In Egypt and Tunisia nonviolence has been the motor of transformation
Rafael de la Rubia, spokesperson for last year’s World March for Peace and Nonviolence talks about Egypt, Tunisia and the implications for the Arab world. Highlighting the essential role of nonviolence de la Rubia pays tribute to the young people who drove the process to its conclusion. “They have given the rest of the world a Master Class in non-violent revolution.”
The iron dictatorships in Tunisia and Egypt falling in less than one month; the wave of freedom and desire of citizens to participate going around the Arab world; the thousands of citizens in Tunis and other cities of North Africa coming on to the street in solidarity to celebrate the resignation of Hosni Mubarak… all of these are manifestations of the profound and rapid changes that are taking place in the Arab world; transformations unforeseen by the “official analysts” of international powers. Just as the fall of the Soviet Union or the recent economic crisis were unforeseen.
The best comparison can be made with the fall of Ceausescu in Romania, but this wave going around North Africa has a different global dimension and transcendence.
In these events we once more see very clearly the true force of the people and their capacity for transformation which in a very short time can produce unthinkable changes without using violence, or rather, using nonviolence. If on the contrary the cry had been *“people take arms against the dictator,”* the security forces would have come along with bloody confrontations ensuing and leading to the risk of civil war. This would have reinforced and “given arguments” to the dictators for greater oppression in order to remain in power, with a severe cost for the people.
The most important thing to happen in these weeks, hasn’t been the departure of Presidents Ben Ali and Hosni Mubarak, the most important thing has been the union of the people in non-violent protest, the most important thing has been to resist the violence of agents provocateurs, to resist the violence of their own institutions, to resist the violence of the police. The Egyptian and Tunisian armies were not defeated with weapons or confrontation, but rather with hugs and open hands. The soldiers, those sent, are at the end of the day human beings and for however many weapons they have, in no way are they going to be able to defeat through violence a people that stands up and demonstrates firmly demanding their rights in a peaceful way and with the methodology of nonviolence. The people can be repressed for a while, but this would discredit the repressors even more and make the moral position of the unarmed people grow even more, which would eventually bring the final victory. This reminds us of the struggles of Gandhi and Luther King. The Egyptian people have freed themselves from a dictator with nonviolence just as India freed themselves from the British. The difference with that struggle is that India counted on a leader, Gandhi, and on this occasion there was no identified leader, the protagonist has been the Egyptian people.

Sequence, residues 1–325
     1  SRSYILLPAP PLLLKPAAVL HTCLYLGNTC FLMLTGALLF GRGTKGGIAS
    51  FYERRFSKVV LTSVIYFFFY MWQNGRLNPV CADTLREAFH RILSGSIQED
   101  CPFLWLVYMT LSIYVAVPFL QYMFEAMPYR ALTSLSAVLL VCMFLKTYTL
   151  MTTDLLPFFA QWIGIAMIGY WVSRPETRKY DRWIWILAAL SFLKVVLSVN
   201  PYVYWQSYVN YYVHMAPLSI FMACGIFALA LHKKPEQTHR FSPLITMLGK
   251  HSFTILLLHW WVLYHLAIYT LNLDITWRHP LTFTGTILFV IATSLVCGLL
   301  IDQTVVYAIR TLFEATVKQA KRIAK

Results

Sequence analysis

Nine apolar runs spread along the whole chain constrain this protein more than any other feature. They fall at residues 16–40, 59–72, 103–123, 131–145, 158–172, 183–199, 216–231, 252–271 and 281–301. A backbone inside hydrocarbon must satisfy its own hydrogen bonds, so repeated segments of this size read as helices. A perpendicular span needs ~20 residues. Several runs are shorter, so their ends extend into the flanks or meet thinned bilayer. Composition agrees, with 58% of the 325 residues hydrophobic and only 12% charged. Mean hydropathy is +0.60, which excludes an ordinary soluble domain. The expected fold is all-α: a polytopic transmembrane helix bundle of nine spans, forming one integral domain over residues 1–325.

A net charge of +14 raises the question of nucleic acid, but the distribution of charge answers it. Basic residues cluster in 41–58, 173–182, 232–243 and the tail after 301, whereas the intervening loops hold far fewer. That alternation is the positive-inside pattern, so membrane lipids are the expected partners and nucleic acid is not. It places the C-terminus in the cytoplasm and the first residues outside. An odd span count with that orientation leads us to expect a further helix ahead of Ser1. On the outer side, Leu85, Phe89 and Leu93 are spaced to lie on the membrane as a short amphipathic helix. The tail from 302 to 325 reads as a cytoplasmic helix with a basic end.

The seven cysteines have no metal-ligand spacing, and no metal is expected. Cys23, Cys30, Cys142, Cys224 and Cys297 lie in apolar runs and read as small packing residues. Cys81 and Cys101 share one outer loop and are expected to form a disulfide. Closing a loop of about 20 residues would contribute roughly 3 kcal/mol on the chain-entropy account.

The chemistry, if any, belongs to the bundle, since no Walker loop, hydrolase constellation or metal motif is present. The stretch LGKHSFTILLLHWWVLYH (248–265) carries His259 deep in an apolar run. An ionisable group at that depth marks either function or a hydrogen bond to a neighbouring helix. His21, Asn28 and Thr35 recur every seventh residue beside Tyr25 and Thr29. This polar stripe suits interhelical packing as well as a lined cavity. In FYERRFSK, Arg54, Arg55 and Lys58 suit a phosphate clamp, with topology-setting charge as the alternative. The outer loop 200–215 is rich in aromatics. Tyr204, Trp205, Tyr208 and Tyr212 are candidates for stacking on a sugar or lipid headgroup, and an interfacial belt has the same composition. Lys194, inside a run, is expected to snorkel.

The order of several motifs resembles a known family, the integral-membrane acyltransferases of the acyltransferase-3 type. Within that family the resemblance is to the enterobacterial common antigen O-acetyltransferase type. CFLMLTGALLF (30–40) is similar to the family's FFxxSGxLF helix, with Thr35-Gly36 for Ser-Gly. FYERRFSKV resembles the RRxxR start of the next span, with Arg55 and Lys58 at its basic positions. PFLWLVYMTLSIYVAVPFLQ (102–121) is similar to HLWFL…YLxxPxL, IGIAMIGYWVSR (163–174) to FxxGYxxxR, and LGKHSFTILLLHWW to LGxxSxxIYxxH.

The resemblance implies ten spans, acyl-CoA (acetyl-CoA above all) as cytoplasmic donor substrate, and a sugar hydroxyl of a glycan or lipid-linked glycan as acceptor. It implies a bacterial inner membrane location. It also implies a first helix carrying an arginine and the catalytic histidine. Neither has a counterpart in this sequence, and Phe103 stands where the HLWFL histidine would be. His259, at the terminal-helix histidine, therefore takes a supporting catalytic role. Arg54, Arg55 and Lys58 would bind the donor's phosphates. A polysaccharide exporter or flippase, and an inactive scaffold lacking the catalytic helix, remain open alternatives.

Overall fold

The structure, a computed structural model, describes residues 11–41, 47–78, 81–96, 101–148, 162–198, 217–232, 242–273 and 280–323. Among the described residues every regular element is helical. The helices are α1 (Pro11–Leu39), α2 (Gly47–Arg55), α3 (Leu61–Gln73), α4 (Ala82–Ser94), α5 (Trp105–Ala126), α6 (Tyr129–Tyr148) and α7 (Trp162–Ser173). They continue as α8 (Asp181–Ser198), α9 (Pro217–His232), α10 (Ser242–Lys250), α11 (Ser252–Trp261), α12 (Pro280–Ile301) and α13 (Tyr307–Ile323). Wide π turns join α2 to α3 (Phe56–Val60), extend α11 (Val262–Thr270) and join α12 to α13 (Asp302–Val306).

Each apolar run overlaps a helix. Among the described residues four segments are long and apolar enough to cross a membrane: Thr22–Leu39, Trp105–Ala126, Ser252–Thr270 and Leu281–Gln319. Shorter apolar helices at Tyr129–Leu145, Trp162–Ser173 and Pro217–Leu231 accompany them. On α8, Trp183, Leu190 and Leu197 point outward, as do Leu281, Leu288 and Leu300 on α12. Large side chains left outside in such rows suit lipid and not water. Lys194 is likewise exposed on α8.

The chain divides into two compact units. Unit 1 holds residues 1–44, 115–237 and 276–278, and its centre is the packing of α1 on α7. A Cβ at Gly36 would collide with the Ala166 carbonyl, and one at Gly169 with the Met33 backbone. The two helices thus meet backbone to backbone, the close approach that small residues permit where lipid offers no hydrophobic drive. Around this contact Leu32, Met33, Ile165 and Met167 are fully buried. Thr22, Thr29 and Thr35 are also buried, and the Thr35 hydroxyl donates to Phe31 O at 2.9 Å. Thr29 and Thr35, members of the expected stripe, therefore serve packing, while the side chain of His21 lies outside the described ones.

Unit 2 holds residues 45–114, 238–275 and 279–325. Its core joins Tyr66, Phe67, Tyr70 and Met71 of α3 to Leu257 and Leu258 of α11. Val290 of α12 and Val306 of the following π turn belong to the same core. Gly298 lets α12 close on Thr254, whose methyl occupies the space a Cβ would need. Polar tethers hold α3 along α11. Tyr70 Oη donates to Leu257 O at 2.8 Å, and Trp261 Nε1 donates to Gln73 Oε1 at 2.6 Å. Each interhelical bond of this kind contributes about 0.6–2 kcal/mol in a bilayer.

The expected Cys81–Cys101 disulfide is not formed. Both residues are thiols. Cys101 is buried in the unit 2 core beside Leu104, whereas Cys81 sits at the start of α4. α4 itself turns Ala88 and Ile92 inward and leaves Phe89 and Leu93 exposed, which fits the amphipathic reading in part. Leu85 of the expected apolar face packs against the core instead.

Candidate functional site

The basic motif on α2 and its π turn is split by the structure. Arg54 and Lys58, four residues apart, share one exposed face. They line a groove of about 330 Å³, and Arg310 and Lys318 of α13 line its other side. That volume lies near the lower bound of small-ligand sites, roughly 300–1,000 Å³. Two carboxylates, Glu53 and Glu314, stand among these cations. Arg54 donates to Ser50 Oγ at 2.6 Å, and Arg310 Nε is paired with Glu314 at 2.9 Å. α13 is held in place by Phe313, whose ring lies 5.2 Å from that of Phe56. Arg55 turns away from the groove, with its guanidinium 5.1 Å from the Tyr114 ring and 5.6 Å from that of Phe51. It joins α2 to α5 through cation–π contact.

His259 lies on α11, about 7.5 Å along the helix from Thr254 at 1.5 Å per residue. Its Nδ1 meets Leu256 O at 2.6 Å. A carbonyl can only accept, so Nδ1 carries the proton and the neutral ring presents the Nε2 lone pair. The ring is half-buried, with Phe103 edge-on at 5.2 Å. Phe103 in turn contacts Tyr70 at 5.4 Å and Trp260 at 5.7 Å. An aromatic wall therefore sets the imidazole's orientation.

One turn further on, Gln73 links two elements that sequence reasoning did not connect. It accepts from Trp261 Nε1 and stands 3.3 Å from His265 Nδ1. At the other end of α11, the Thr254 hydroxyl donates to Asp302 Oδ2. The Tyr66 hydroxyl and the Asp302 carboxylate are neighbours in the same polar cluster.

This tremor of nonviolence, of demands for social transformation in a peaceful way, of anxiousness for freedom and democratic participation has only just begun. Following in the path are Yemen, Jordan, Algeria and Morocco with indicators of social mobilisation. What will happen in the Arab Emirates and other dictators of pan-Arabism? What will happen in China where this entire phenomenon of freedom is being censured?
Evidently there is the USA and the European Union whose regimes have been strategically aligned for years and loyal partners of the Egyptian government in their military, political and economic dealings over decades.
After the fall of the USSR, Western powers—with the USA at the head—created a new international enemy: Arabs, or Islam, alarming people about a possible clash of civilisations. The real interest was to be able to continue justifying their irrational arms race, and make us believe in the need to have to counteract this “great danger” and have available a force that could protect us from “them” on a global scale. This new enemy was endowed with the attributes of fanatics, violent and irrational… and to a certain extent this has permeated and been translated into different fields (cinema, TV, international controls, travel restrictions, intolerant legislation against people of Arabic origin). But the events in Tunisia and Egypt, as well as the mobilisations that we’re seeing in other countries of the region, show us populations very different to this rooted stereotype: these are peaceful people, just like any other, with the same needs, aspirations, fears and desire for freedom and democracy; people that need and long to have a dignified life.
The Egyptian and Tunisian people have given the world a lesson in nonviolence and pacifism. They have given a lesson on how to not conform and instead to struggle for their rights. They have given the rest of the world a Master Class in non-violent revolution. They have given us proof, a demonstration effect that will have consequences and repercussions. And, finally, it must be highlighted that the protagonists have all been mainly young people.
All peoples, in their best moments, have made contributions to the human process. We give thanks and celebrate these non-violent revolutions because they open the future for the whole of humanity. We are approaching the Universal Human Nation.